In the twangy romance Forever My Girl, a debauched country star returns home and runs into his former sweetheart, the woman he left at the altar seven years ago.
His name is Liam Page (Alex Roe), and he has a selfish streak as prominent as his bangs.
In the opening scenes, we see him wow an enthusiastic crowd, be rude to his manager, spend a night with a groupie, and wake up in an unspecified stupor. It is in this state the he learns an old friend has died, news that prompts him to ditch his tour and return to his Louisiana hometown for the funeral.
I say unspecified because Forever My Girl positions itself as a wholesome family film. It stays resolutely within the boundaries of a PG rating, and therefore soft-pedals Liam's alcoholism. He asks for a bottle to be sent to his room, but we never see it. Back home, he buys a bottle of liquor, but doesn't drink from it — just sits on a stoop holding the bag, which might as well contain extra-virgin olive oil.
In any event, folks in his hometown are not glad to see him. Liam is used to being fawned over, but the townsfolk ignore him or call him "jerk." Checkout clerks give him the brush-off. His dad (John Benjamin Hickey) rebukes him and makes him ride his old bicycle into town.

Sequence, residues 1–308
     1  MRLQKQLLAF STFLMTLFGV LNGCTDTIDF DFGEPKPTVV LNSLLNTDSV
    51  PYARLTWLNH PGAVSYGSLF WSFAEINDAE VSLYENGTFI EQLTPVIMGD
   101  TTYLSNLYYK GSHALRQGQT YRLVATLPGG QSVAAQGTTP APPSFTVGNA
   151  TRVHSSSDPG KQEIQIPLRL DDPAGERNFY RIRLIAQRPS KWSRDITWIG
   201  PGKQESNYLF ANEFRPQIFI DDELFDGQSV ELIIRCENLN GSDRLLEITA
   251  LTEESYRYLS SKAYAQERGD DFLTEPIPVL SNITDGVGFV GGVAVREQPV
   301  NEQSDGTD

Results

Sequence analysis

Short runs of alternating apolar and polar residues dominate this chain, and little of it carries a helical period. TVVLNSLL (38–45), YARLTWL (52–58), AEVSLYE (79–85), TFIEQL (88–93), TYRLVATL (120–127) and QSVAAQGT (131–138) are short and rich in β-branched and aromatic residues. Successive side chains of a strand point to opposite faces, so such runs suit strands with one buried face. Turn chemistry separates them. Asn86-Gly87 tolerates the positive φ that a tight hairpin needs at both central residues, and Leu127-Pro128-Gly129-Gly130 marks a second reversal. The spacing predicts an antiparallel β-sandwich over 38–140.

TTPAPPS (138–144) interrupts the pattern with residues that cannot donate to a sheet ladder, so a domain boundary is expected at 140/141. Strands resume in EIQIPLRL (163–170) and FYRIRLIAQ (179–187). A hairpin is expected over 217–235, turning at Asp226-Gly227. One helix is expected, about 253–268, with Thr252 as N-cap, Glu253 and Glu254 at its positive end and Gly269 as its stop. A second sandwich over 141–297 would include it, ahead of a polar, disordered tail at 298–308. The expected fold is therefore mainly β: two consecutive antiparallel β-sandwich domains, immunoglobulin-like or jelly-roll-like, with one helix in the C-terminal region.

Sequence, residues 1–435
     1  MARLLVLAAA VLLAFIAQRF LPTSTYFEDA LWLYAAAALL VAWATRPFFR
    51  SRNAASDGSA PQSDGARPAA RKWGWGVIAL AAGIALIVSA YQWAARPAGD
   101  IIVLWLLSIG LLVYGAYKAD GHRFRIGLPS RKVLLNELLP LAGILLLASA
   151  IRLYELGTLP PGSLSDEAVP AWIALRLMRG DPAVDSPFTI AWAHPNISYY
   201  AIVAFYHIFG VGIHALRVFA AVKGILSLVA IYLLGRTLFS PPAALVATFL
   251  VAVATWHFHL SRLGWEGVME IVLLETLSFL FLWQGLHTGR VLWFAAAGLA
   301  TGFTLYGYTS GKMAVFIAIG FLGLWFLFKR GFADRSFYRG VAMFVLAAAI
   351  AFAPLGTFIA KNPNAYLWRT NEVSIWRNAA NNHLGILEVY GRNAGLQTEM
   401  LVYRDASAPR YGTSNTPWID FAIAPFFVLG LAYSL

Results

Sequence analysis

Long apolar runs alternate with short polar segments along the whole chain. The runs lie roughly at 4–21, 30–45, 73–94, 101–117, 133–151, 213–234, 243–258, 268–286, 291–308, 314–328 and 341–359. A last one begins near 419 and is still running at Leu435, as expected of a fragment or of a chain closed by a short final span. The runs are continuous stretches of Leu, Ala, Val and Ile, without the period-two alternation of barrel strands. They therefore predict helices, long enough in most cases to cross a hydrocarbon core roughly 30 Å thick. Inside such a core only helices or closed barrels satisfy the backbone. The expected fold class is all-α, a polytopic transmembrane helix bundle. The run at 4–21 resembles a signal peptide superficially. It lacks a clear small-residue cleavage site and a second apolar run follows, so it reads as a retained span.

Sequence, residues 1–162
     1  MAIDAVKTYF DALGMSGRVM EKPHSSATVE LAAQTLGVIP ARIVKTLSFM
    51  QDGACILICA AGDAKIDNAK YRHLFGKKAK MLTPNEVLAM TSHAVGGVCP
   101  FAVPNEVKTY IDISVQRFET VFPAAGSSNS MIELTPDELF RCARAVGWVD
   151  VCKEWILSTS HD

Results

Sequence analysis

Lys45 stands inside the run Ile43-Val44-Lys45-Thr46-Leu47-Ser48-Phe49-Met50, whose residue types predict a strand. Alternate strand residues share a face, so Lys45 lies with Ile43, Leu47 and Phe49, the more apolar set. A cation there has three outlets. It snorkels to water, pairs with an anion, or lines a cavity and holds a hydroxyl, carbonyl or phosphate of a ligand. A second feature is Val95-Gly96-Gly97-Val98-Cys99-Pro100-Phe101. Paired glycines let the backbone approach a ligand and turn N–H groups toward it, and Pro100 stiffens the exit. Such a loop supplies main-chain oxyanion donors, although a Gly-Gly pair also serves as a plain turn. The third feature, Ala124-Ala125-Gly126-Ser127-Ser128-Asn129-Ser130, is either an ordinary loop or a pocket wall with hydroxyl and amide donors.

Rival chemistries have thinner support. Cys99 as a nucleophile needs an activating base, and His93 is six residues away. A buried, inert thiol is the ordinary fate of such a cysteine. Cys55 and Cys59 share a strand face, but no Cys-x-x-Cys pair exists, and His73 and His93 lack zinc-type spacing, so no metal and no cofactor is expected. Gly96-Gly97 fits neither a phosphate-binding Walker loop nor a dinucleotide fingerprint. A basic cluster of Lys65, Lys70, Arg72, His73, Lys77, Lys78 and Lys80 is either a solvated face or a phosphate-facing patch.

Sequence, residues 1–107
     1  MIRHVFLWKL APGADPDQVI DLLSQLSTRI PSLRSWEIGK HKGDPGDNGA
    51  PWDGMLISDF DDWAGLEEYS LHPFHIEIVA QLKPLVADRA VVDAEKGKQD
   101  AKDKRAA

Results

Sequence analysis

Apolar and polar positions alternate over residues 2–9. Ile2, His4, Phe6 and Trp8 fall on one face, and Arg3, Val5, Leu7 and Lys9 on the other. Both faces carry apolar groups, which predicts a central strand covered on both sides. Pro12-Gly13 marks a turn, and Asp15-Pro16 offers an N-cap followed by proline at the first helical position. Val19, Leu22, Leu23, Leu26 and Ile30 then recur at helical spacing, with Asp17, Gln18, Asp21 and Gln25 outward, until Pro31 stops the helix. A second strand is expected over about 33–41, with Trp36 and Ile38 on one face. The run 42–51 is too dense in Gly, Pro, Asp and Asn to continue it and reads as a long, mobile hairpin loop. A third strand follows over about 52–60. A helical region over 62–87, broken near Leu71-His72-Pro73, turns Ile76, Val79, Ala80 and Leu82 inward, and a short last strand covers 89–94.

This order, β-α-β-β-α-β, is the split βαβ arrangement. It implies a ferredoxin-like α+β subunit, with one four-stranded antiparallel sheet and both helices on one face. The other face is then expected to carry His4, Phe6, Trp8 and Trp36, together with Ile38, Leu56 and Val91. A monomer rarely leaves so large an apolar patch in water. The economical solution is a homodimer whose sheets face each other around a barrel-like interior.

Everyone is still peeved at the way Liam ditched high school sweetheart Josie (Jessica Rothe, from Happy Death Day) on their wedding day — without explanation (an ambiguity that turns out to be preferable to the soapy, here's-why-I-drink monologue we get from Liam in the closing moments of the film).
Josie has moved on — she has her own flower shop now, and she's a strong country girl, as the soundtrack keeps reminding us. (It's peppered with tunes performed by Josh Turner, Phillip Sweet of Little Big Town, Canaan Smith, and others.).
There are a lot of strong-woman anthems to be heard, but some gospel, too (Lauren Alaina sings "Wings of an Angel") , and Forever My Girl takes its narrative to church, where sermons about the power of forgiveness start to hint where the story is headed.
The movie also trumpets hometown values, and makes fun of the way Liam's wealth and fame have insulated him from simple pleasures of small-town life (underlined by director Bethany Ashton Wolf's cozy visual presentation). The movie pokes fun at his materialism, when it's not indulging in it. As Josie's frosty heart starts to melt, there are teddy bears, jewelry, helicopter trips, and carriage rides. Even Nicholas Sparks would blush. But perhaps not Heidi McLaughlin, who wrote the book from which the film is adapted.
The music, it should be noted, is not bad. Liam wanders into a saloon, where a balladeer is wrapping up a song called "Slowing Down." Pretty good singin' and strummin' for a dive bar, and no wonder — it's Travis Tritt.
As Liam Page, Roe sings his own songs and does a good job imitating a country-and-western singer, especially since his actual country is England, and he's western in the sense that England is part of western civilization.